winter skincare tips for baby eczema

Babies can be more prone to nasty breakouts of eczema during the winter months.

Keeping eczema under control can be difficult and stressful at the best of times, but as winter hits you have new challenges you come up against. 

Not only can winter clothing cause eczema to flare-up at this time of year, but the cold weather is also irritating to eczema-prone skin as the air is dryer. 

Another problem is central heating. This dries out the skin, and it becomes irritated as we go from a warm house, to a chilly outdoors. 

In this post there will be a few product recommendations, but its worth double checking with your doctor or dermatologist who is treating your baby before using a new moisturiser on eczema. This is especially true for babies under three months. 

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Here are 11 winter skincare tips for babies with eczema: 

1. Moisturise frequently 

With eczema, you cannot moisturise too often! Use a moisturiser that is specifically for babies with eczema. 

Use a generous amount of the moisturiser and rub it in gently all over their body, paying particular attention to the problem areas. 

The worst places for eczema tend to be creases of elbows, backs of the knees, tops of feet, cheeks, under arms and tummy. 

Eczema on baby's cheeks Eczema on baby's cheeks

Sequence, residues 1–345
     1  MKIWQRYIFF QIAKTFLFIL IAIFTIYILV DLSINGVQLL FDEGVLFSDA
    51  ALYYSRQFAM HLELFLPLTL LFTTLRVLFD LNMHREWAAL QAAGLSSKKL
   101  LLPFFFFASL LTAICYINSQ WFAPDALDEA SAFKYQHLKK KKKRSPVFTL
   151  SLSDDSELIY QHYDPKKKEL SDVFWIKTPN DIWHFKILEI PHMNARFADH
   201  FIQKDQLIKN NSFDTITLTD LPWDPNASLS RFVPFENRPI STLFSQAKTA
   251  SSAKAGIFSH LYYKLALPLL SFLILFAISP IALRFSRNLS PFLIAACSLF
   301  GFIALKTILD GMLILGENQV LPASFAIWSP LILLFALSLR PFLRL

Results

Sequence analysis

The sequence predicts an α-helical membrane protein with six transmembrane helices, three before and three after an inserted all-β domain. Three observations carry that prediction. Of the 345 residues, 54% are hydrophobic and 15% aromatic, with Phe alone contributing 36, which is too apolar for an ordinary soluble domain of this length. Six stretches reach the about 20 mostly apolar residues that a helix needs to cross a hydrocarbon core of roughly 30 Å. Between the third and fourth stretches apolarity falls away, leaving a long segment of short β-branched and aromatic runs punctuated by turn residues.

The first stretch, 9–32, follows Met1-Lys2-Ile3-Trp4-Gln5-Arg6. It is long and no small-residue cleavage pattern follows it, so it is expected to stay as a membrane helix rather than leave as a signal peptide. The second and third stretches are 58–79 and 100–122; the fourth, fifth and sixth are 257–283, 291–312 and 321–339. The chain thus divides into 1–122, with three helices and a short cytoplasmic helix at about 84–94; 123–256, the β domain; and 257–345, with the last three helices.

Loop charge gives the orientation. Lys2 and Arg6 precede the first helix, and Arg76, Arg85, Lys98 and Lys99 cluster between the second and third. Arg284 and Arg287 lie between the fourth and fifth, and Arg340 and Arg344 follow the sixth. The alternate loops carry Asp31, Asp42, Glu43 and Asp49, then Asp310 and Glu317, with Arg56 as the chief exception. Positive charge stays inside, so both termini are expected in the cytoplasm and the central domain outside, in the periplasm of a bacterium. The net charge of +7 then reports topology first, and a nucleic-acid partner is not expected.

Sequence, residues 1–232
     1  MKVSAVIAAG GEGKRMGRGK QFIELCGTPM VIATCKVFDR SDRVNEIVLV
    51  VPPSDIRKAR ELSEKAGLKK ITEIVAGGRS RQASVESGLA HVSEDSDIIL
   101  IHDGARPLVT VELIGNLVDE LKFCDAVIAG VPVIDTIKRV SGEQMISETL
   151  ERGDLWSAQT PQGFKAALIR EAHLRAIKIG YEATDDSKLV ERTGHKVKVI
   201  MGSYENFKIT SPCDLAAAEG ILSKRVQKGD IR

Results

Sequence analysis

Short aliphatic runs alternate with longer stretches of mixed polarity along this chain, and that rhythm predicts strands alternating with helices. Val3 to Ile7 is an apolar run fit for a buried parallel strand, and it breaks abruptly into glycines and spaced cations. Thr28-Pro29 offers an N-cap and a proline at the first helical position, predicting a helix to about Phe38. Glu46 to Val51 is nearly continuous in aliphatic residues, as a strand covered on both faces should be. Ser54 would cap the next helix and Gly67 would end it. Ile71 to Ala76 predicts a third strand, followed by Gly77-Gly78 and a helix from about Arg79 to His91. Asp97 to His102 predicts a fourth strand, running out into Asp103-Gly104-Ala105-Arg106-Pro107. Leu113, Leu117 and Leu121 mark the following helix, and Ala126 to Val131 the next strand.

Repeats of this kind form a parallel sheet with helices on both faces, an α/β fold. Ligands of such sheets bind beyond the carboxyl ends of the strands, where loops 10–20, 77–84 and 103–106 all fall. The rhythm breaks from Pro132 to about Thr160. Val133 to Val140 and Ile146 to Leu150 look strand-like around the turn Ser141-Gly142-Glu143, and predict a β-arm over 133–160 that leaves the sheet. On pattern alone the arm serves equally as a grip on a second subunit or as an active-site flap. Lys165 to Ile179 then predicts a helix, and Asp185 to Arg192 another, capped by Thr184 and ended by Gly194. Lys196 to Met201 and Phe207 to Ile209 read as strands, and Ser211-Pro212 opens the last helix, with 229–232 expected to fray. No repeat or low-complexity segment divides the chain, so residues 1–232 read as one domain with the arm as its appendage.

You could moisturise your baby at every nappy change, which may be around five times plus for a newborn. 

My favourites for this include: 

  • Epaderm cream – you can also buy this product as an ointment. The ointment is great as you can get a dollop of it and dissolve it in bath water to soften the water. However the cream is better for moisturising (in my opinion) as the ointment makes the skin extremely slippery. 
  • Aveeno – their range of baby moisturisers is lovely. 

2. Try a barrier product 

When your baby gets out into the cool air, this change from warm to cold temperature can really irritate their sensitive skin. 

You can use a product such as La Roche-Posay Lipikar Stick AP+ before and during days out of the house. 

This comes in a handy little stick that easily fits into your changing bag. You open, twist and apply in a way similar to when you use a lip balm. 

Use it on the face as a barrier cream during cold winter months!

It can also be used all over the body for relief from itchy patches of skin. It’s a fab product because you can easily take it everywhere with you, saving you struggling to squeeze huge tubs of cream into your bag. 

3. Bathe every day 

There’s been conflicting advice about bathing and eczema-prone skin in the past. 

The current best advice is to bathe every day, under the right conditions! This involves following the next few tips so that you do not irritate your baby’s skin. 

When your child has a flare-up of eczema, their skin may be red, scaly irritated and open to infection. A daily bath will help to keep the area clean and prevent infection. 

A good bathing routine can also keep the skin moist, soothe eczema and prevent flare-ups. 

4. Keep the bath temperature warm NOT hot 

A hot bath will irritate your baby’s eczema. Choose a warm temperature, and don’t keep your baby in the bath for too long. 

This may be difficult if they love being in the bath, but the longer they are in, the more their skin can dry out. 

You can try getting a bath thermometer if you are unsure of the ideal bath temperature.

5. Use eczema-friendly skincare products for washing

Products that cause bubbles in the water and body washes can dry out eczema-prone skin.